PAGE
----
Begum (also begüm, bagum, begom, begam, baigum or beygum) is a royal and aristocratic title from Central and South Asia.[1] It is the feminine equivalent of the title baig or bey, which in Turkic languages means "higher official". It usually refers to the wife or daughter of a beg.[2] The related form begzada (daughter of a beg) also occurs.[3]

In South Asia, particularly in Delhi, Hyderabad, Sindh, Punjab, Afghanistan, Khyber Pakhtunkhwa and Bengal, begum has been adapted for use as an honorific for Muslim women of high social status, accomplishment, or rank, as in English language the title "Lady" or "Dame" is used. The honorific may either precede or follow the proper name of the woman.[citation needed]


A fat Begum inscribed Hur Khanum Mughlani, Deccan, ca.1625

In modern societyEdit

Colloquially, the term is also used in Uzbekistan, India, Pakistan and Bangladesh by Muslim men to refer to their own wives, daughters, sisters or as an honorific address to a married or widowed woman.

In Bangladesh the term has been used for the titles of current and former First Lady of Bangladesh e.g. Begum Khaleda Zia and Begum Rowshan Ershad. It has also been used to refer to women of high social status such as philanthropists, activists, authors and many others such as Begum Rokeya and Begum Sufia Kamal. Khaleda Zia and Sheikh Hasina, who have alternated as Prime Ministers of Bangladesh since 1991, are nicknamed "the battling begums".[4]

The term became well known in the West, especially in the French-speaking world, due to Jules Verne's 1879 novel The Begum's Millions.

The term had earlier become known in Great Britain during the impeachment and Parliamentary trial of Warren Hastings, former Governor-General of India, which lasted from 1787 until 1795. One of the major charges against Hastings was that he had unjustly confiscated land (and thus taxes) belonging to the "Begums of Oudh" (the mother and grandmother of Asaf-Ud-Dowlah, Nawab of Oudh).[citation needed]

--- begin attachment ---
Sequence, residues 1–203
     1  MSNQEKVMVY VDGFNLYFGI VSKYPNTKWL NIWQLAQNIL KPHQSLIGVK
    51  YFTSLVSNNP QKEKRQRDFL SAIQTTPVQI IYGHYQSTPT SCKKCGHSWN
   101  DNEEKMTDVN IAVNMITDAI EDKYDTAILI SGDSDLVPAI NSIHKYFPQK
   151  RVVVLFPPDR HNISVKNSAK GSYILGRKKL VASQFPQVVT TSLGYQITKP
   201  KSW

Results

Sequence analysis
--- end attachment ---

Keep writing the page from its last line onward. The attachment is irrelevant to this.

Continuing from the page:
Begumpet is one of the major commercial and residential suburbs of the city of Hyderabad, India. Begumpet stands on land given by the sixth Nizam of Hyderabad (in office: 1869-1911) to his daughter as her wedding present when she married a Paigah noble.[citation needed]

Members of the Pakistani community of Toronto refer to Mississauga, Ontario, Canada (a suburb of Toronto) as Begumpura ("Ladies' Town"). Mississauga has a large Pakistani immigrant community and many husbands work in the Persian Gulf and Saudi Arabia while their wives and children live in Mississauga.[5]

Among the Nizari Ismaili people, the title is also used as the official style of the consort of their imam, the Aga Khan.

See alsoEdit


  1. ^ Hemenway, Stephen Ignatius (1975). The Novel of India: The Anglo-Indian novel. Writers Workshop. p. 107. Begum (Hindi), Moslem princess or lady of high rank.
  2. ^ Yılmaz Öztuna (1996). Devletler ve Handeanlar. Vol. 1. Ankara: Ministry of Culture. p. 944.
  3. ^ Moazzambaig, Begzadi or Begzada[permanent dead link]. Social News. Retrieved July 8, 2011.
  4. ^ Rowlatt, Justin (November 2008). "Bangladesh grows tired of the Battling Begums". BBC. Retrieved 24 September 2019.
  5. ^ "Muslim immigrants to Canada facing discrimination and social problems". Archived from the original on 2012-07-04. Retrieved 2009-06-24.